Professor Javier Martín-Torres

Prof. Martín-Torres is a theoretical physicist with interdisciplinary research interests. He is leading Earth and planetary research using theoretical models, experimental data and developing space-borne instrumentation and laboratory facilities. He is the Principal Investigator of the HABIT/ExoMars 2020 instrument, and co-I of the NASA´s Curiosity rover, and. the ESA´s Trace Gas Orbiter between others.

Prof. Martin-Torres has devoted 15 years of his career to radiative transfer, remote sensing, and atmospheric studies from the troposphere to the thermosphere, including studies of solar energy deposition and energetic balance of the atmosphere; and is the author of the line-by-line radiative transfer model FUTBOLIN (Full Transfer By Optimized LINE-by-line) methods.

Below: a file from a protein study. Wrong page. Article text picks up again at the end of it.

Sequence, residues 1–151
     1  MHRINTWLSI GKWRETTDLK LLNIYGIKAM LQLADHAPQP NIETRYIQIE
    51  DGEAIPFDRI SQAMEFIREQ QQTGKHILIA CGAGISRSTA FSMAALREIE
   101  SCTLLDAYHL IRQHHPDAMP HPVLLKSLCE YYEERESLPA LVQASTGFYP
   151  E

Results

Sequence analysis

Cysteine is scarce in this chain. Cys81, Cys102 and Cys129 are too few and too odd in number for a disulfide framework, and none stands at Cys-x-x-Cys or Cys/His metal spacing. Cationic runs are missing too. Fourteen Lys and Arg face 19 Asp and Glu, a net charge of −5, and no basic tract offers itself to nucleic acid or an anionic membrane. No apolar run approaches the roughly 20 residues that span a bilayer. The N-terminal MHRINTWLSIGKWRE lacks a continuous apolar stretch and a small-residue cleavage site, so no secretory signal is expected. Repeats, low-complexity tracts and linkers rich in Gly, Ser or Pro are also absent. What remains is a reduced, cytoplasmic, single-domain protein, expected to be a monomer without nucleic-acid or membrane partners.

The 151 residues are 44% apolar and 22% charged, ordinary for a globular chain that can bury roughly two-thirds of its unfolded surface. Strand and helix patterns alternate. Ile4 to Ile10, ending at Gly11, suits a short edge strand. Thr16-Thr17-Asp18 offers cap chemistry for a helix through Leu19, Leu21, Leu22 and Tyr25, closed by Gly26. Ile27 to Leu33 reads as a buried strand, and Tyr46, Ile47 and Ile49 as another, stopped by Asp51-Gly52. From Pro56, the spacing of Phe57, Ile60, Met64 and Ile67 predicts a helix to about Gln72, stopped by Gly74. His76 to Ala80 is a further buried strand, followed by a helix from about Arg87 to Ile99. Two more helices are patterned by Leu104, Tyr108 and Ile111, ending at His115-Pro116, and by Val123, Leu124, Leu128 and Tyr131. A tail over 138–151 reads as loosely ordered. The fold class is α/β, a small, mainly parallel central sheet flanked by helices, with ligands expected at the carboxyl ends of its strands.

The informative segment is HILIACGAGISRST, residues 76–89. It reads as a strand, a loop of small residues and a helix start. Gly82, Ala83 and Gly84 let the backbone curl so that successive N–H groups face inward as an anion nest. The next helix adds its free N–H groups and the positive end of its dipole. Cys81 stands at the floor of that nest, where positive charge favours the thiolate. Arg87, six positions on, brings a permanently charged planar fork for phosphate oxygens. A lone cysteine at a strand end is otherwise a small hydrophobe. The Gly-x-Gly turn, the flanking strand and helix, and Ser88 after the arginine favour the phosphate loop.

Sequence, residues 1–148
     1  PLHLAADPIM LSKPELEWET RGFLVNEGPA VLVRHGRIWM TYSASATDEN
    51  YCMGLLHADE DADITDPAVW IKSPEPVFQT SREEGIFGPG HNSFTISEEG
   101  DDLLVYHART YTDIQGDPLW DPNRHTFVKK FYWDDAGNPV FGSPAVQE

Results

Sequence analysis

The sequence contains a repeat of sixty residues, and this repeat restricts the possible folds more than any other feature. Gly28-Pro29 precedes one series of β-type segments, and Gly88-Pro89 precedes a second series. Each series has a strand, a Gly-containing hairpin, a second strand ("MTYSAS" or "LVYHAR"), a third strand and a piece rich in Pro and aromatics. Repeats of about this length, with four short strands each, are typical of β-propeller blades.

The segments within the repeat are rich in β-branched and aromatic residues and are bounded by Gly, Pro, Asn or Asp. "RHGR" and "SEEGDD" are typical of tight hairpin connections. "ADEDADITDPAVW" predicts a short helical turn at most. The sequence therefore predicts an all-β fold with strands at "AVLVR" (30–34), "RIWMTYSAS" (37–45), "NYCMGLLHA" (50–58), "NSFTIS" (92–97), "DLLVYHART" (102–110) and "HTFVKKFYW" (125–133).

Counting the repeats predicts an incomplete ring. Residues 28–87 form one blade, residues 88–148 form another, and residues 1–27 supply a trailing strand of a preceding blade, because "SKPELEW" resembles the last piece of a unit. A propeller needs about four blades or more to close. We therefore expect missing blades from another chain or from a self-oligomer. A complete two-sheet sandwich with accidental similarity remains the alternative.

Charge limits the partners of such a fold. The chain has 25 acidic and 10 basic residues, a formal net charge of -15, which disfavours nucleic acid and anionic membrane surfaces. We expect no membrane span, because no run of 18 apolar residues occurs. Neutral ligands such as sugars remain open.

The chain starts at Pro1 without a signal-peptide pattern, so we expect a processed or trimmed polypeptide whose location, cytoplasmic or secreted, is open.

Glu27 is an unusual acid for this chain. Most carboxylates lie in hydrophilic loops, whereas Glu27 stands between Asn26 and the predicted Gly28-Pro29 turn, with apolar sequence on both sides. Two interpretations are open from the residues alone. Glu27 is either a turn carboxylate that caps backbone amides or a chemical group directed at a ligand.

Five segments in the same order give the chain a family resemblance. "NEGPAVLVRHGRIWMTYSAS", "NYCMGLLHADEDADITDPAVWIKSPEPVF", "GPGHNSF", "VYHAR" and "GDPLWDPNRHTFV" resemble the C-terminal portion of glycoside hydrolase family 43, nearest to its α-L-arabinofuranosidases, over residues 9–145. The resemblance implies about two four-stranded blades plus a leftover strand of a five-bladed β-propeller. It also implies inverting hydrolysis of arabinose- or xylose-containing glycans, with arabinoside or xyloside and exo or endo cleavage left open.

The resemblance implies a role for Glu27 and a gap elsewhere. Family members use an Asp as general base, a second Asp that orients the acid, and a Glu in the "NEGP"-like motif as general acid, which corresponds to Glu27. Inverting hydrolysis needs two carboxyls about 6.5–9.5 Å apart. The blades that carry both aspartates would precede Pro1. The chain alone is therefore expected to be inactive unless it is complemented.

He has an extensive international career that started as a Guest PhD at the University of Oxford, UK. After that, he received an ESA Postdoctoral Fellowship at the Institut für Meteorologie und Klimaforschung and Universität Karlsruhe, Germany. Since then, he has worked at NASA/Langley Research Center, Hampton, USA; the Jet Propulsion Laboratory, Pasadena, USA; the Lunar and Planetary Institute at the University of Arizona, Tucson, USA; the California Institute of Technology, Pasadena, USA; the Luleå University of Technology, Sweden, and the Spanish Research Council, Spain. 

Currently, he holds the Honorary Fellow status at the School of Physics and Astronomy, College of Science and Engineering of the University of Edinburgh, U.K., and he is Specially Appointed Professor at the Okayama University at Misasa, Japan.

He has received several recognitions, including 5 NASA Awards.

Dr Anshuman Bhardwaj